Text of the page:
The audience, at first bewildered, confused by this unexpected invective, suddenly took fire at his last words. There was a roar of applause; then, more significant than mere vociferation, Presley's listeners, as he began to speak again, grew suddenly silent. His next sentences were uttered in the midst of a profound stillness.

A grey flannel shirt, open at the throat, showed his breast, tanned and ruddy. He wore no hat. His hair was very black and rather long. A pointed beard covered his chin, growing straight and fine from the hollow cheeks. The absence of any covering for his head was, no doubt, habitual with him, for his face was as brown as an Indian's a ruddy brown quite different from Presley's dark olive.

We'll make for the Long Trestle and strike the trail to Hooven's there." They set off. It was a terrible ride. Twice during the scrambling descent from the hills, Presley's pony fell beneath him. Annixter, on his buckskin, and Osterman, on his thoroughbred, good horsemen both, led the others, setting a terrific pace. The hills were left behind.

The impression conveyed by his mouth and chin was that of a delicate and highly sensitive nature, the lips thin and loosely shut together, the chin small and rather receding. One guessed that Presley's refinement had been gained only by a certain loss of strength.

Gambler that he was, he had at last chanced his highest stake, his personal honour, in the greatest game of his life, and had lost. It was Presley's morbidly keen observation that first noticed the evidence of a new trouble in the Governor's face and manner. Presley was sure that Lyman's defection had not so upset him.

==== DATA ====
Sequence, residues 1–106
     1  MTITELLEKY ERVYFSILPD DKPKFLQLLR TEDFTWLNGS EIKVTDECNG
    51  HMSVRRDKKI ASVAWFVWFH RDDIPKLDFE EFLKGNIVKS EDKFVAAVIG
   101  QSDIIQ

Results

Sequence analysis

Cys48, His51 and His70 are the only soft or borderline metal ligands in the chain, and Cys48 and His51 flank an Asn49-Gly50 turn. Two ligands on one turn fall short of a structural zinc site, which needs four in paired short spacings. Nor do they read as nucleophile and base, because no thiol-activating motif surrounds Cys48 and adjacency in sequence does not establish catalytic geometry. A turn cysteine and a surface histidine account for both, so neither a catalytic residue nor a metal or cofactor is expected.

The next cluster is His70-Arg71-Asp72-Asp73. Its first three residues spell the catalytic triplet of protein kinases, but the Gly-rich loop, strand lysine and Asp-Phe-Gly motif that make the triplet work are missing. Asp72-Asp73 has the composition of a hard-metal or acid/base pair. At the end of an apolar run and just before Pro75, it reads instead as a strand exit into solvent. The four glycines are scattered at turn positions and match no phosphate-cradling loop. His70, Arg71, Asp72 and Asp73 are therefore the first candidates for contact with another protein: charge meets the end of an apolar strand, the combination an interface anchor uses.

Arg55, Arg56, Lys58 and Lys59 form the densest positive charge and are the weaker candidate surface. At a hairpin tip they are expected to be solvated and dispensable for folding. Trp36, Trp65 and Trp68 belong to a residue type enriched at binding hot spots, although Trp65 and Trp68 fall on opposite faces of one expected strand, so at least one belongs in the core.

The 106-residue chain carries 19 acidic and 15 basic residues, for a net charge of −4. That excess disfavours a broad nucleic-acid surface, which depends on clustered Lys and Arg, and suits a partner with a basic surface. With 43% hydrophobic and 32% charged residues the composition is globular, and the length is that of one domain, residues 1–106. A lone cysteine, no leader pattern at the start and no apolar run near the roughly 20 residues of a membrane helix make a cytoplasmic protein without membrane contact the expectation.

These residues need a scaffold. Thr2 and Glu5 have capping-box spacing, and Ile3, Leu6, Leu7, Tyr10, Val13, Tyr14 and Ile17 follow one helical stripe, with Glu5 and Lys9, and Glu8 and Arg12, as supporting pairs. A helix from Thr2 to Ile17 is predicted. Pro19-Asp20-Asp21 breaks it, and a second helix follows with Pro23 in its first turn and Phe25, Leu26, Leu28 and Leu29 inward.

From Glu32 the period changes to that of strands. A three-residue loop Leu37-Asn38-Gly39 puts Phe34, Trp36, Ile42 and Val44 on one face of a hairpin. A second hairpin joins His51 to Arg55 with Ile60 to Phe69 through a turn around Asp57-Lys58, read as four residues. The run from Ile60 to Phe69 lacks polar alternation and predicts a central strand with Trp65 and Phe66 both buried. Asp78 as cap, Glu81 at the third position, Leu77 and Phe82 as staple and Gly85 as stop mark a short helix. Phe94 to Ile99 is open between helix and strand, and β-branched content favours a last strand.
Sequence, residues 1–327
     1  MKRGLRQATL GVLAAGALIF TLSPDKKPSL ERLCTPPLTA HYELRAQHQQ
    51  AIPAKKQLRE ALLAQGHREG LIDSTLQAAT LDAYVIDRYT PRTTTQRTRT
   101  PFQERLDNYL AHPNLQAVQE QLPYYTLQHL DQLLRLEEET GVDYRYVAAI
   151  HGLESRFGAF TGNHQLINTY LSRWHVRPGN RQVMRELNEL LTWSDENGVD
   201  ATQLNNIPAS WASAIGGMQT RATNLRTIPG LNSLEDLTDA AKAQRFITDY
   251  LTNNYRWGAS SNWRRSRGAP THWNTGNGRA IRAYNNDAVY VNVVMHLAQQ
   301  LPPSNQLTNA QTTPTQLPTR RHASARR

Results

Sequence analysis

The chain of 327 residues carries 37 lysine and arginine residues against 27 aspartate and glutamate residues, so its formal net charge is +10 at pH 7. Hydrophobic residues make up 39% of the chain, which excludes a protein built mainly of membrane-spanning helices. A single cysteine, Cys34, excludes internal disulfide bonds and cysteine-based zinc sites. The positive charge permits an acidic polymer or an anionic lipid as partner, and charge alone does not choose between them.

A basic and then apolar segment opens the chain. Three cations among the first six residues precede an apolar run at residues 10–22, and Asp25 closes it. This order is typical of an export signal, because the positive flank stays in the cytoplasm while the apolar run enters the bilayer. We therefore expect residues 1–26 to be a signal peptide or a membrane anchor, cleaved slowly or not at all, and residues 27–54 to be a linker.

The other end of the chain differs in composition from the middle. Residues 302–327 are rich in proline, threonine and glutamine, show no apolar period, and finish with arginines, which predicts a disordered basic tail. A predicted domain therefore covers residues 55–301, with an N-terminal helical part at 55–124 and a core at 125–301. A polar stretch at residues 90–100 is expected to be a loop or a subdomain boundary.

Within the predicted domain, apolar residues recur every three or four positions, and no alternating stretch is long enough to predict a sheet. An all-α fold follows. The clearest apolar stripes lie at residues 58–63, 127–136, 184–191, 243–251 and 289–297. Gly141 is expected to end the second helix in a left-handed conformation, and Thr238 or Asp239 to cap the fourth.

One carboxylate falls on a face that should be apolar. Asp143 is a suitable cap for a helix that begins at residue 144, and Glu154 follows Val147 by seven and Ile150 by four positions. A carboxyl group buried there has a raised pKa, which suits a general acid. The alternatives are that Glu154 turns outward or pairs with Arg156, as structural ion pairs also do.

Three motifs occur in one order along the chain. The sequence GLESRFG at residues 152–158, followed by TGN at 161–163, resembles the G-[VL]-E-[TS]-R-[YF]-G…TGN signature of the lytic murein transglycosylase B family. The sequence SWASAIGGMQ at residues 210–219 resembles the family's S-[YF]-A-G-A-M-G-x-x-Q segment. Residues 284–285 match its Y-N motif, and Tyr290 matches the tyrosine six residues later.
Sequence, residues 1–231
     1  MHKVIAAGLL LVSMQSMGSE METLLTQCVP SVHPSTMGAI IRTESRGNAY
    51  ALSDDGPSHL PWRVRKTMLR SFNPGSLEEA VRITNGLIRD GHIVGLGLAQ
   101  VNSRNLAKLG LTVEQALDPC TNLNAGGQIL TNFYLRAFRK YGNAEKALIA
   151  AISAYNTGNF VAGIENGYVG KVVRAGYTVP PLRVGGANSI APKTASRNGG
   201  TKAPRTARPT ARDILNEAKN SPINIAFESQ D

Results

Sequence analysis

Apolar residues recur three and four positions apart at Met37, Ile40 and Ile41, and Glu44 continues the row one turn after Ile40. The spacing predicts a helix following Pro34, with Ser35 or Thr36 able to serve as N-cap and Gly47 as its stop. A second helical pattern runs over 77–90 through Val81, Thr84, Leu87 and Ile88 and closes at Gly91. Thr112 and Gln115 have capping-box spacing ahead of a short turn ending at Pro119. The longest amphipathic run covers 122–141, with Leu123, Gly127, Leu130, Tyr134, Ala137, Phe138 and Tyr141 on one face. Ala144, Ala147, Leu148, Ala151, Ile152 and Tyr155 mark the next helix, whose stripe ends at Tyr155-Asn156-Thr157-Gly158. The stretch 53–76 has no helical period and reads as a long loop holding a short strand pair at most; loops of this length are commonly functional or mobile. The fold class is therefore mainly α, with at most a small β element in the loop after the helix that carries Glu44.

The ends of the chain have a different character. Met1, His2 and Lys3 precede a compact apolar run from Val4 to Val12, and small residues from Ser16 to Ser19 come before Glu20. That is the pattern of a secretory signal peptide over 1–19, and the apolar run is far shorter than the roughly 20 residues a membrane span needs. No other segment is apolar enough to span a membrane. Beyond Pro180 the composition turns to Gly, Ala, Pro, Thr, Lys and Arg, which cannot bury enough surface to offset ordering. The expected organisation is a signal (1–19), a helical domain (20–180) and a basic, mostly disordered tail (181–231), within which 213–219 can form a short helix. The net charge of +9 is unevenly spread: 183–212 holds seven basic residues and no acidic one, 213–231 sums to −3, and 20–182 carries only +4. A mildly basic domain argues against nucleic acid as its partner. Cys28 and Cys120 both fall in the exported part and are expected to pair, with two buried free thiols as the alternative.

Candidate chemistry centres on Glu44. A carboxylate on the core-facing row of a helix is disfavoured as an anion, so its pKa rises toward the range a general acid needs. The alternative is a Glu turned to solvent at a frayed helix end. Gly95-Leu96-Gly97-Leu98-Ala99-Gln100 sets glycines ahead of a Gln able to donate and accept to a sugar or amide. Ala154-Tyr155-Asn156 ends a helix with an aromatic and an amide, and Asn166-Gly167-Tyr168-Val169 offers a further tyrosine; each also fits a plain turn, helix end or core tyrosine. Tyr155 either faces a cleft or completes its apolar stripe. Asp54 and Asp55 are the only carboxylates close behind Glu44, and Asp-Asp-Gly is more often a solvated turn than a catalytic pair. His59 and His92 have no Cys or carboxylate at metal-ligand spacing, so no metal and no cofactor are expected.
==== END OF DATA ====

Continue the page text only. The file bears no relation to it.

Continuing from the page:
To Presley's morbidly keen observation, the general impression of the shepherd's face was intensely interesting. It was uncommon to an astonishing degree. Presley's vivid imagination chose to see in it the face of an ascetic, of a recluse, almost that of a young seer.

A Renaissance cabinet of ebony, many feet taller than Presley's head, and inlaid with ivory and silver, occupied one corner of the room, while in its centre stood a vast table of Flemish oak, black, heavy as iron, massive. A faint odour of sandalwood pervaded the air. From the conservatory near-by, came the splashing of a fountain.

Hilma and Sidney, the latter exuberant with a gayety that all but brought the tears to Presley's eyes, were making sandwiches on the back porch. Mrs. Dyke was nowhere to be seen, and Annixter was shaving himself in his bedroom. This latter put a half-lathered face out of the window as Presley cantered through the gate, and waved his razor with a beckoning motion. "Come on in, Pres," he cried.

I can see so much that is alike in your modes of interpreting nature. In Mr. Presley's sonnet, 'The Better Part, there is the same note as in your picture, the same sincerity of tone, the same subtlety of touch, the same nuances, ah." "Oh, my dear Madame," murmured the artist, interrupting Presley's impatient retort; "I am a mere bungler. You don't mean quite that, I am sure. I am too sensitive.

She will ever be remembered, not only by the firemen, but by all old settlers, as one of the many noble women in St. Paul whose unostentatious deeds of charity have caused a ray of sunshine in many sad homes. Mrs. Presley's death was deeply regretted, not only by the fire department, but by every resident of the city. Among the many brilliant members of the legal fraternity in St.